The settlements thus make the creation of an independent, territorially contiguous Palestinian state in these areas--the supposed goal of the Oslo "peace process"--no more than a pipe dream. This, too, is explicitly written into the text of the disengagement, which promises that "Israel will annex the central Jewish settlement blocs, towns, security areas and other lands which Israel has an interest in keeping." For the first time since the annexation of East Jerusalem soon after the 1967 war, the Israeli Knesset will approve the annexation of parts of Palestinian-occupied lands.

This explains why the attention is focused on Gaza--it is being used to shift attention away from the massive ghettos being constructed across the West Bank, in the forms of walls, military bases and enormous checkpoints that will act as crossing points between these ghettos and the outside world.

No less important (but all too often ignored) is the impact that the plan will have on the Palestinian citizens of Israel. Large allotments of U.S. "aid" to carry out the disengagement will be spent on settling Israeli Jews in the Negev and the Galilee--the two main areas where Palestinian citizens are concentrated within Israel.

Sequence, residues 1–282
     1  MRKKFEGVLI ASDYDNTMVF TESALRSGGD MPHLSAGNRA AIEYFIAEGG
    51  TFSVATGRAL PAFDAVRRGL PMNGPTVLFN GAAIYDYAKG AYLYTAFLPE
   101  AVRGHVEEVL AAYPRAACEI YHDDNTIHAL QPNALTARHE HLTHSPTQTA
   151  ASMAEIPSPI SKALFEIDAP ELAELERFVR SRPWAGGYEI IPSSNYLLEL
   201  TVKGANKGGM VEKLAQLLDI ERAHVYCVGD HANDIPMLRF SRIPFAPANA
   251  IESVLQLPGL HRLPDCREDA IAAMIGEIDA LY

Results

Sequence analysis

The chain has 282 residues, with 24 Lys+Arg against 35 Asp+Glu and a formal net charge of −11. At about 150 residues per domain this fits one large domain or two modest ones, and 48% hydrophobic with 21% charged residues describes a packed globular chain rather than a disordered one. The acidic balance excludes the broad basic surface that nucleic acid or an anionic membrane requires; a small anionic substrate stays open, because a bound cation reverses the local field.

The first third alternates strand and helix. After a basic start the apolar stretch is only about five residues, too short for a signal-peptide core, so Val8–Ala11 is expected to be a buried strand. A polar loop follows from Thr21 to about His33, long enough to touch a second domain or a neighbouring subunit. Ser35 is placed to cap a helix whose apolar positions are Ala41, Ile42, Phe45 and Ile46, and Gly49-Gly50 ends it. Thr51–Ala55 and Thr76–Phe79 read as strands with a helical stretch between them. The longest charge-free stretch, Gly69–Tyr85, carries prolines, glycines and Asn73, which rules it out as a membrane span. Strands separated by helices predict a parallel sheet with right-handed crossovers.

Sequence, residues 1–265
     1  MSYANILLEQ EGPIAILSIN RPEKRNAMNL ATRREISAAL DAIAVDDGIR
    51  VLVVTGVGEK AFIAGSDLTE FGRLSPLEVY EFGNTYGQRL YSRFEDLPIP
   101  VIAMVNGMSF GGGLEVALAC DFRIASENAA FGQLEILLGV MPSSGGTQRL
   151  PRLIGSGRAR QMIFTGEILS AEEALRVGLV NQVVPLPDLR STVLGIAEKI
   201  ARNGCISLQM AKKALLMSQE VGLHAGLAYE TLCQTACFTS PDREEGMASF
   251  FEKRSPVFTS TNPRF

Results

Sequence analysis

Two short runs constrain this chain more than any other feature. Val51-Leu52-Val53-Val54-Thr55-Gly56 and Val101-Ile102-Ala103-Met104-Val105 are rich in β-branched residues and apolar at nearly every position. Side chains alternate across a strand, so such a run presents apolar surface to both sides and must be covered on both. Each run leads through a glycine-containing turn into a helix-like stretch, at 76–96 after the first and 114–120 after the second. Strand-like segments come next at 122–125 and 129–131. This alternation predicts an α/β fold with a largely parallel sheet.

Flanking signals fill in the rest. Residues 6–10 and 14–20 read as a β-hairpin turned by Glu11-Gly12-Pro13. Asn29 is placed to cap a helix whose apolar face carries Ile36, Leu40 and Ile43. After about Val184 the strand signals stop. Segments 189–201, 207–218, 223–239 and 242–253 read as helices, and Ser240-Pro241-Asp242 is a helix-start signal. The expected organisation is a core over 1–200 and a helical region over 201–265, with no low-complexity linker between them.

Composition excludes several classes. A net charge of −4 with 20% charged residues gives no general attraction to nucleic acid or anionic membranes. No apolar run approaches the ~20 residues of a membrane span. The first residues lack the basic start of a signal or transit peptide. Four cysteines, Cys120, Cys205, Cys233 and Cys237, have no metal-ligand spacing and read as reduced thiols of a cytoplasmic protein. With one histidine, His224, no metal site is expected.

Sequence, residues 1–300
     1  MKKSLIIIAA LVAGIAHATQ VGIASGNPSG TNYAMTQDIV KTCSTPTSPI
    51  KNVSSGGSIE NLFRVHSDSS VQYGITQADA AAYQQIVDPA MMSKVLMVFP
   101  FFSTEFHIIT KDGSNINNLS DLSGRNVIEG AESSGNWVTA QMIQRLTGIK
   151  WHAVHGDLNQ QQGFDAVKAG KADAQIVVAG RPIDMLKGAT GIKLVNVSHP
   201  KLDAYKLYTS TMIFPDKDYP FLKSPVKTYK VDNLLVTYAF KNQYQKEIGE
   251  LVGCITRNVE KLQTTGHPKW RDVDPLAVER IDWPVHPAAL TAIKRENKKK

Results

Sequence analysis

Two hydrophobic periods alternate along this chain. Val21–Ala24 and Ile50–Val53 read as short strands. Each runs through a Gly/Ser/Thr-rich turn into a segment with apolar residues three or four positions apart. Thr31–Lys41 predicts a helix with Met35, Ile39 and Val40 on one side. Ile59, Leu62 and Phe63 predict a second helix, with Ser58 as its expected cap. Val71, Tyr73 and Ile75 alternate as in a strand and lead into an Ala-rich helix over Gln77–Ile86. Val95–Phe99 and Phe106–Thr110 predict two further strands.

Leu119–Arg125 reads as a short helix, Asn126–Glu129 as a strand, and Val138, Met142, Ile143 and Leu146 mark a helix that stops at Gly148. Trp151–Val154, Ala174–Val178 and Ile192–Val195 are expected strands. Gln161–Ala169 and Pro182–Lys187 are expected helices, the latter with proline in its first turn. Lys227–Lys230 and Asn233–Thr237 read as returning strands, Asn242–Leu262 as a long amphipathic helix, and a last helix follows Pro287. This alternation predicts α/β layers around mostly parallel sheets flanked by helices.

Israel has always discriminated and oppressed this community since its members first found themselves as "non-Jews" in the Jewish state--after the founding of Israel in 1948 through the dispossession of the great majority of Palestinians. But this oppression has drastically escalated in the wake of the Al-Aqsa Intifada--to the extent that Israel is now taking steps to ban political representation of Palestinians in the parliament, conduct mass house demolition campaigns and further thicken Jewish-only settlements in and around Palestinian villages. These are the exact same techniques used in the Occupied Territories of Gaza and the West Bank.